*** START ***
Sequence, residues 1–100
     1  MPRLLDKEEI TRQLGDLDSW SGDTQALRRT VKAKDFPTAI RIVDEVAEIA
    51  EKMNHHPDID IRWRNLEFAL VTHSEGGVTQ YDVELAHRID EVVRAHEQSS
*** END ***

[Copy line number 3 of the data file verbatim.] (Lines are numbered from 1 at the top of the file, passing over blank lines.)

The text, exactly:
    51  EKMNHHPDID IRWRNLEFAL VTHSEGGVTQ YDVELAHRID EVVRAHEQSS